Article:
17 HOW BACTERIA OBTAIN ENERGY Like all organisms, bacteria need a constant supply of energy to perform all their life activities. This energy is supplied by the process of respiration and fermentation.Respiration is the process that involves oxygen and breaks down food molecules to release energy.Fermentation, on the other hand, enables cells to carry out energy production without oxygen.
18 BACTERIAL RESPIRATION Aerobic bacteria (Obligate aerobes)They require free oxygen to carry out cellular respirationObligate anaerobesThey do not require free oxygen for cellular respiration.Obligate anaerobesThey cannot live in the presence of O2Facultative anaerobesThey can live in either the presence or absence of O2
19 HOW BACTERIA OBTAIN ENERGY AUTOTROPHIC BACTERIAPhotosynthetic bacteriaChemosynthetic bacteriaBacteria that synthesize food by the using the energy obtained from inorganic compounds (such as hydrogen sulfide, nitrites, sulfur and iron) rather than from light are called chemotrophic autotrophs.Ex: Nitrosomonas is an example of a chemotrophic autotroph that uses ammonia and oxygen to produce energy.Bacteria that trap the energy of sunlight in a manner similar to green plants are called phototrophic autotrophs.Ex: Cyanobacteria and some photosynthetic Eubacteria.
20 HOW BACTERIA OBTAIN ENERGY HETEROTROPHIC BACTERIASaprobesThey feed on the remains of dead plants and animals and ordinarily do not cause disease.They release digestive enzymes into the organic matter. The enzymes break down the large food molecules into smaller ones, which are absorbed by bacterial cells.ParasitesThey live in or on living organisms, absorbing nutrients directly from their hosts.Parasites can cause disease.
23 Growth Curve of a Bacterial Culture Lag phase: At the beginning there are not much individuals in the population and growth is slow. (adaptation time for the environment)Exponential phase: Bacteria are dividing rapidly.Stationary phase: The reproductive rate equals death rate.Death phase: The bacteria are dying off faster than they are reproducing.
24 ENDOSPOREEndospores form when conditions for bacterial growth are unfavorable. In this state bacteria can survive for years and withstand extreme conditions like freezing, boiling, or dry environments. Once conditions become favorable, endospore becomes active.
25 PROKARYOTIC KINGDOMS Archaebacteria Eubacteria They live in extremely hostile environments – volcanic hot springs, salt lakes and seas, and black organic mud at the bottom of marshes and swamps. Their cell walls lack the carbohydrate peptidoglycan.Most bacteria are members of this kingdom. Their cell walls have peptidoglycan. Disease-causing bacteria and the cyanobacteria are in this group.
28 Archaebacteria In very salty water: example: the Great Salt Lake Strongly alkaline or acidic water: example: Pools in Yellowstone National ParkIn very hot water: example: pools in Yellowstone National ParkNear deep sea vents where hot water accompanies volcanic eruptionsIn no oxygen (anoxic) environments: example: lake bottoms.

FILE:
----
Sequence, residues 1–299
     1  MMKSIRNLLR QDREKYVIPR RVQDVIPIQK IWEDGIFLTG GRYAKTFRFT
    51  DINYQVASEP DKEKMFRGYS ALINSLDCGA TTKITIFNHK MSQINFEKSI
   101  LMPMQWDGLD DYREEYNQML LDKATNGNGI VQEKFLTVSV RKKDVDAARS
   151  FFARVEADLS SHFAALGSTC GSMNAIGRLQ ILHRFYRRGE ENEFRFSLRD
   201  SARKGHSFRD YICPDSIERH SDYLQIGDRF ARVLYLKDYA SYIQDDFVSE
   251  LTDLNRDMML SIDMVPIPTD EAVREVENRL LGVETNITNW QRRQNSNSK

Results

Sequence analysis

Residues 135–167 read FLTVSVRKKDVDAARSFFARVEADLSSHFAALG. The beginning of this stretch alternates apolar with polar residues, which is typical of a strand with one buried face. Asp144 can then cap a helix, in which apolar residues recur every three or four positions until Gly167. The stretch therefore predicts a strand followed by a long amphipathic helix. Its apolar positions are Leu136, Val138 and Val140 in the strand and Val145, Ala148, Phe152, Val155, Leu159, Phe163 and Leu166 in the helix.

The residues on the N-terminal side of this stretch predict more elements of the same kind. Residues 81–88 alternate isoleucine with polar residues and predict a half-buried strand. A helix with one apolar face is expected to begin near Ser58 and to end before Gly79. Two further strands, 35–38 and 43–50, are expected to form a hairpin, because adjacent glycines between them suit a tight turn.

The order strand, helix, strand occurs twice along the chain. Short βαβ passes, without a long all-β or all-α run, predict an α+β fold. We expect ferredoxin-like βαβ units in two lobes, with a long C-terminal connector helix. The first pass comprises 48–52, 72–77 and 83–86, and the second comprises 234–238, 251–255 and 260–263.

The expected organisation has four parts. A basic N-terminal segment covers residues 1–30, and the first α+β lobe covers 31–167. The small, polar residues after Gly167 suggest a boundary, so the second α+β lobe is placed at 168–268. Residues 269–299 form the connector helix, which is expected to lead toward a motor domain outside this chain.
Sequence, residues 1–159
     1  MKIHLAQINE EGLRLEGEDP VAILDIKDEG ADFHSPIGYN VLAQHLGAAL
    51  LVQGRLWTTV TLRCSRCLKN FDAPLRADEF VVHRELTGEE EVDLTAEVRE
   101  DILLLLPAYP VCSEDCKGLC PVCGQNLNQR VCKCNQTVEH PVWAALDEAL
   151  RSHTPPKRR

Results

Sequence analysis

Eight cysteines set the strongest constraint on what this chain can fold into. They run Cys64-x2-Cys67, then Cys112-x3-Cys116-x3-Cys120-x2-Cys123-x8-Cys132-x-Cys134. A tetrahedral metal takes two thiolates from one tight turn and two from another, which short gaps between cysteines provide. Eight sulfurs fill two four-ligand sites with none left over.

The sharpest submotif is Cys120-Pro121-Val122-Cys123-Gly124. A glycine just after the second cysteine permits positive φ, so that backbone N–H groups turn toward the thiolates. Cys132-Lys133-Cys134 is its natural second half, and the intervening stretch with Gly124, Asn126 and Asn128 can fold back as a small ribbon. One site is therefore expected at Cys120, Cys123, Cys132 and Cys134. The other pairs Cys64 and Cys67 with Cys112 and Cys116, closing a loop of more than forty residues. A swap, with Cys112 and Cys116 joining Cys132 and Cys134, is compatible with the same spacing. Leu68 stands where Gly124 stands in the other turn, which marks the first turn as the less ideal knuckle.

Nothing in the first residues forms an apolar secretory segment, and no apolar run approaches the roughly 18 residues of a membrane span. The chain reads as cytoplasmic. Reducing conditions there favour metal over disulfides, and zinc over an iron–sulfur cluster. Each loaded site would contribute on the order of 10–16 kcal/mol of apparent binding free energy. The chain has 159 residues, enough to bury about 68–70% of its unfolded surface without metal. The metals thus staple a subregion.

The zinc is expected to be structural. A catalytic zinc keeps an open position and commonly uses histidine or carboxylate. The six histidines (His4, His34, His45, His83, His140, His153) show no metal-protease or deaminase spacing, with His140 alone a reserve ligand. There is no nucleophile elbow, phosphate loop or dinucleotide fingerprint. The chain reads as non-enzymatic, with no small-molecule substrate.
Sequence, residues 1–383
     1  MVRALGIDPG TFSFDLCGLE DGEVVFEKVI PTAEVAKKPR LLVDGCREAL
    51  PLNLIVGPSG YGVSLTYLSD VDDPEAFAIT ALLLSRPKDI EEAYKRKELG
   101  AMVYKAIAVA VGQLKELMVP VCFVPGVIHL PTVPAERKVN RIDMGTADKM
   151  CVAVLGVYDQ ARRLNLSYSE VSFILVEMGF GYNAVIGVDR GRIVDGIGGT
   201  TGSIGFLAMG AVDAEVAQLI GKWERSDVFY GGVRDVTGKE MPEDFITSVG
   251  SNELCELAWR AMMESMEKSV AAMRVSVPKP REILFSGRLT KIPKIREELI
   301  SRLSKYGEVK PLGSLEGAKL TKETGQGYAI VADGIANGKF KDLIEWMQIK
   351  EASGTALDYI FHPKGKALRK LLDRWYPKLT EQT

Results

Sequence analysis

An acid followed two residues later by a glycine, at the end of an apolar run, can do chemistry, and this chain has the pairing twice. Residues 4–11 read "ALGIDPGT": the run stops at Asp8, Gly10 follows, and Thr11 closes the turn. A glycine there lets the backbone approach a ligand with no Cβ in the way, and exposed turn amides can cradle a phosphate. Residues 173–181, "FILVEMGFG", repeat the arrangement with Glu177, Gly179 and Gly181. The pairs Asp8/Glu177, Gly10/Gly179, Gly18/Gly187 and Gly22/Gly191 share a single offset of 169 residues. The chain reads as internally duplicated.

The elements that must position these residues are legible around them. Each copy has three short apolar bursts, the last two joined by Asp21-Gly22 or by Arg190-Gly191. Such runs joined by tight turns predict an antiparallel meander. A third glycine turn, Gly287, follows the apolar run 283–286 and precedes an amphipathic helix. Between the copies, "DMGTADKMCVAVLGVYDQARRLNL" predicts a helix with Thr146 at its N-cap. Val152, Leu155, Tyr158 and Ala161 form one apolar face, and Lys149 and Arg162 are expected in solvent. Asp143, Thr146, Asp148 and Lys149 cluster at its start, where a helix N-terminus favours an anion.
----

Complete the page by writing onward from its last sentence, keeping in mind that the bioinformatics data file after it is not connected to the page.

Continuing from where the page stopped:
30 Figure . Methanococcus jannischiiwas originally isolated from a sample taken from a "white smoker" chimney at an oceanic depth of 2,600 meters on the East Pacific Rise. It can be grown in a mineral medium containing only H2 and CO2 as sources of energy and carbon for growth within a temperature range of 50 to 86 degrees. Cells are irregular cocci that are motile due to two bundles of polar flagella inserted near the same cellular pole.
32 IMPORTANCE OF BACTERIA Bacteria are used in the production of a wide variety of foods and beverages, such as cheese, yogurt, buttermilk, and sourcream.Some bacteria are used to make pickles and sauerkraut,and some make vinegar from wine.Some bacteria have been usefulin synthesizing drugs and chemicals through techniques of genetic engineering.
33 IMPORTANCE OF BACTERIA Some bacteria remove waste products and poisons from water.Some bacteria can help to mine minerals from the ground.Bacteria are also used in industry. One type of bacteria can digest petroleum, which makes them helpful in cleaning up small oil spills.Sewage treatmentOil spill treatment.
34 IMPORTANCE OF BACTERIA Our intestines are inhabited by large numbers of bacteria, including E. coli. In the intestines, the bacteria are provided with a warm safe home, plenty of food, and free transportation. We, in turn, get help in digesting our food. These bacteria also make a number of vitamins that we cannot produce on our own. So both we and the bacteria benefit from this symbiotic relationship.Animals such as cattle are also dependent upon the symbiotic relationship they have with the bacteria in their intestines.Bacteria living in the digestive systems of such animals can make these enzymes, thus allowing the animals to digest their food properly.
36 An electron micrograph shows bacteria at work breaking down food in the human digestive tract. A colored transmission electron micrograph of Streptococcus bacteria attached to a human tonsil cell.
37 Heterocysts are special cells found in some filamentous genera; these specialised cells contain the "nitrogen-fixing" enzyme complexThe photograph above shows Rhizobium sp. in the root nodules of a bean plant.